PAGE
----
As alhadro says, SquareSpace and the like have made web design easier than ever for someone who doesn't want to pay for a designer. But don't let this deter you. No matter how easy it is, there are still lots of people who just don't want to do it themselves, so there will always be a need for web designers. (I mean, I know how to change my own oil in my car, but I don't want to do it, so I pay someone else to do it for me.)

The work is out there. In my experience, there are lots of small businesses and sold proprietors who are too small for your local "design firms" to cater to, and would love to have personal attention, a nice website, at a fair price.
posted by The Deej at 7:10 PM on November 26, 2016 [1 favorite]

Response by poster: Thanks everyone!

I may I have my first client already!

humboldt32 and alhadro, You make a good point about not offering SEO and packages. However, since WordPress and plug-ins do need to be updated regularly to keep the site secure, how do you handle this with clients who want to remain "hands-off"?

It seems to me that a small monthly fee that included doing any necessarily updates and perhaps with a limited number of client-provided content changes included wouldn't be taking advantage of the client and would be preferable to just letting it go and eventually becoming outdated and unsecured.

Or do you only work with clients willing to learn the dashboard and do their own updates?

posted by seraph9 at 3:04 PM on December 5, 2016 [1 favorite]

//I think the heyday of people like me - somewhat less than affectionately referred to as 'plumbers' by real developers - who don't really develop, but are able to 'jimmy' existing code and what not are going to be replaced by the likes of SquareSpace and other templated build-your-own sites that are finally starting to look and function decently.//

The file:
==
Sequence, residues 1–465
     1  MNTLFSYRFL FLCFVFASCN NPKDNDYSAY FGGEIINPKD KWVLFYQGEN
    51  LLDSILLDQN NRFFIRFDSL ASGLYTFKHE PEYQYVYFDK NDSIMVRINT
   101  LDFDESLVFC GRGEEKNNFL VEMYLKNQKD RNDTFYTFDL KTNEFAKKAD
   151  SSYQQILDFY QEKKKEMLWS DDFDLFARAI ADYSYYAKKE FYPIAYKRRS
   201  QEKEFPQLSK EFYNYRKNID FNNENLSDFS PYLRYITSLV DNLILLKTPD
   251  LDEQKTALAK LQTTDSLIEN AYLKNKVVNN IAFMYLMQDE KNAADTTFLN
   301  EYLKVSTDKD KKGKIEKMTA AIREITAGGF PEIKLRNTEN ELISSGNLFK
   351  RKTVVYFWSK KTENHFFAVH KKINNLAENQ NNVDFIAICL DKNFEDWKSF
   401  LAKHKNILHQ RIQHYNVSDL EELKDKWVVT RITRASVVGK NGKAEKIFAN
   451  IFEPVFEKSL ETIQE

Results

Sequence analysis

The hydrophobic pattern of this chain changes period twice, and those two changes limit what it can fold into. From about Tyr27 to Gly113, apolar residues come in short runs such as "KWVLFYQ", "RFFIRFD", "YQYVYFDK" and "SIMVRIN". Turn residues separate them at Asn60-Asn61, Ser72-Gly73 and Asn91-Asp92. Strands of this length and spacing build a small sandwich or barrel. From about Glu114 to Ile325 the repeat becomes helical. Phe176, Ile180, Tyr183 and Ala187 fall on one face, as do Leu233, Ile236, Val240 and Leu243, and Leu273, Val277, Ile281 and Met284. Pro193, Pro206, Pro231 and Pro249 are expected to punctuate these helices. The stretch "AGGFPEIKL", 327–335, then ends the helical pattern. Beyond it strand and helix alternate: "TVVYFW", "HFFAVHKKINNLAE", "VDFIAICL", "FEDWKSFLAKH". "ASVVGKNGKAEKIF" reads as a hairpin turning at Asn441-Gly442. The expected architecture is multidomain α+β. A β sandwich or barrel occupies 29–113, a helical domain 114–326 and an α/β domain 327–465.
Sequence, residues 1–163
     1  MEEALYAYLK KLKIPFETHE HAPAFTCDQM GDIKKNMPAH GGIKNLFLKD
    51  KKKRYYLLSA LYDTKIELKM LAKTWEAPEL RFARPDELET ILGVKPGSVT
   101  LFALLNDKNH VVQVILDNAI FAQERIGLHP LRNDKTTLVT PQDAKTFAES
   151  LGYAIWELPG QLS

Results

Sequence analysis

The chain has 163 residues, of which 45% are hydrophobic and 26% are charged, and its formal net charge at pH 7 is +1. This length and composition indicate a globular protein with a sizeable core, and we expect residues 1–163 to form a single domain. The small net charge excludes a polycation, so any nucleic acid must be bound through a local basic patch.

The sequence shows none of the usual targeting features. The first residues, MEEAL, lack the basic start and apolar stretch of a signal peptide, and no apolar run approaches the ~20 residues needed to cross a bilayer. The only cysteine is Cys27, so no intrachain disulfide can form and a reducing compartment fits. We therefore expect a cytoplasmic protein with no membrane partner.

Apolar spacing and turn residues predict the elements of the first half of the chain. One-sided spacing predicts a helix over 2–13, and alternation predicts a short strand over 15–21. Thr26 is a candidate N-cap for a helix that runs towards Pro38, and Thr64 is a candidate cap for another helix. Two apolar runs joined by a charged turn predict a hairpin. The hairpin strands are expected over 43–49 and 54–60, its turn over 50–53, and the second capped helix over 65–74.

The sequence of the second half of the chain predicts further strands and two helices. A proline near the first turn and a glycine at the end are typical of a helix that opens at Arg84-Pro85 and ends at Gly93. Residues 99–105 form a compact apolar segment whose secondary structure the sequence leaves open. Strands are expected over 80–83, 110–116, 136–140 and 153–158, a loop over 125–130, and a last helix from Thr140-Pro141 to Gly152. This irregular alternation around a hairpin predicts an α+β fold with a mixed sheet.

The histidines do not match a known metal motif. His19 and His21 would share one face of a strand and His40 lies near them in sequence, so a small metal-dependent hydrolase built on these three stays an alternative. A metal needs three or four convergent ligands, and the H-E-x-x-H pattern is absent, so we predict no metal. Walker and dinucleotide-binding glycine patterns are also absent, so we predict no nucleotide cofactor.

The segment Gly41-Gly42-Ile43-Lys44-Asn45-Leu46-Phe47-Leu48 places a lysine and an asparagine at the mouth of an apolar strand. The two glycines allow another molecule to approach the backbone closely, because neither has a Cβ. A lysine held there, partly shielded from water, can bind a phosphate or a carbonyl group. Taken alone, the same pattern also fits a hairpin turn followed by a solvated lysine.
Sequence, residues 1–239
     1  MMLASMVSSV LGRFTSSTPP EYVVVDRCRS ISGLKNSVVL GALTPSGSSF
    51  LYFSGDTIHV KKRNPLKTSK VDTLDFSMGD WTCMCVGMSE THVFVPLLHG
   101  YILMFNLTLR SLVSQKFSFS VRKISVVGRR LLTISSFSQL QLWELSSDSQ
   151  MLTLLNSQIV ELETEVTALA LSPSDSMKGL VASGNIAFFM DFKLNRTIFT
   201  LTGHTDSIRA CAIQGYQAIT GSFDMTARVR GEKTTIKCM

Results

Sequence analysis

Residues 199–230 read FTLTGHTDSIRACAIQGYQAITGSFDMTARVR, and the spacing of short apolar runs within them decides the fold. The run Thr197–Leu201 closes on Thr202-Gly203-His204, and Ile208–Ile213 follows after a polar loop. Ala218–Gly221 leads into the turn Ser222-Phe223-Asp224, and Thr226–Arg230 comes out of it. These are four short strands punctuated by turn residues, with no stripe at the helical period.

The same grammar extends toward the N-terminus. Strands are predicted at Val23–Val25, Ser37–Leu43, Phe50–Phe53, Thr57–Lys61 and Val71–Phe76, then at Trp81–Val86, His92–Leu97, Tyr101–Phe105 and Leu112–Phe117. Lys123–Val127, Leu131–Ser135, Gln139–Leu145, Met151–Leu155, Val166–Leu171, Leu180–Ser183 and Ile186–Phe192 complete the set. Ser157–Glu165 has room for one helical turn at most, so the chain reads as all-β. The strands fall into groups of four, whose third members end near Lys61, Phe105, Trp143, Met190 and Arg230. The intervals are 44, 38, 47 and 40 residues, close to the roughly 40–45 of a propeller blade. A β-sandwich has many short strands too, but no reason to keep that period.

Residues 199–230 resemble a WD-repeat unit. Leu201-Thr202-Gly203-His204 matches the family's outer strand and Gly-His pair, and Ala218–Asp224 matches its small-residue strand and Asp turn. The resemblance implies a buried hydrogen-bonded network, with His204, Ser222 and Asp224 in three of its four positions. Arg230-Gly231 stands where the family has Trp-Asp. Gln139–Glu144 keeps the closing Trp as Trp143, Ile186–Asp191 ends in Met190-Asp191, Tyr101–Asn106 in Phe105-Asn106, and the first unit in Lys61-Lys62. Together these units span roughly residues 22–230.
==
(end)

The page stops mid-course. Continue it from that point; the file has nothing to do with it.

I have a different take on this. Most people still are not going to be able, or want to bother, with it. The plumbers, as we were called above, will be the people updating Squarespace for clients in many, many instances. A large percentage of real plumbing jobs can be easily handled with a quick tutorial on YouTube, basic tools, and common sense. Yet I'm pretty sure plumbers are not hurting for business.

So I wouldn't let fear of lack of work be a discouraging issue. I think there is plenty of work out there.
posted by COD at 5:40 AM on December 6, 2016 [2 favorites]

there are several ways to handle on going maintenance. it depends on what you are comfortable with and what the client is comfortable with. what i prefer is to have a set fee (say what you would charge for 1 hour a week) that gets the client some basic updates, including needed plug-in security updates*. this also insures that when they email i bother to answer. if they choose not to have an ongoing relationship then it's up to you to decide how to handle their requests. because they are always going to be emergency requests. i don't have a separate fee for this although i have been sorely tempted to at times. mostly they just go to the back of the line (including regular life activities) and there is no quarter given on timekeeping.

*updates break things. more than they should. make sure you have a current backup of everything and know how to restore.
posted by lescour at 2:10 PM on December 6, 2016

However, since WordPress and plug-ins do need to be updated regularly to keep the site secure, how do you handle this with clients who want to remain "hands-off"?

Well, like I said, I make it clear to them it's their site. If WP needs updating, it's on them to email me to spend some time on their site if they don't want to do it themselves. I have zero interest in diminishing this understanding with a subscription. That's just me. That small monthly fee is guaranteeing they they'll be calling you when things go tits up and not expect to pay you for that work.


Man, you know I used "plumber" above, not as a derogatory term, I used it to describe my relationship with my customers. I'd never heard of it as a derogatory term before this thread. I just always felt it was a good way to describe my business model.
posted by humboldt32 at 8:47 AM on December 11, 2016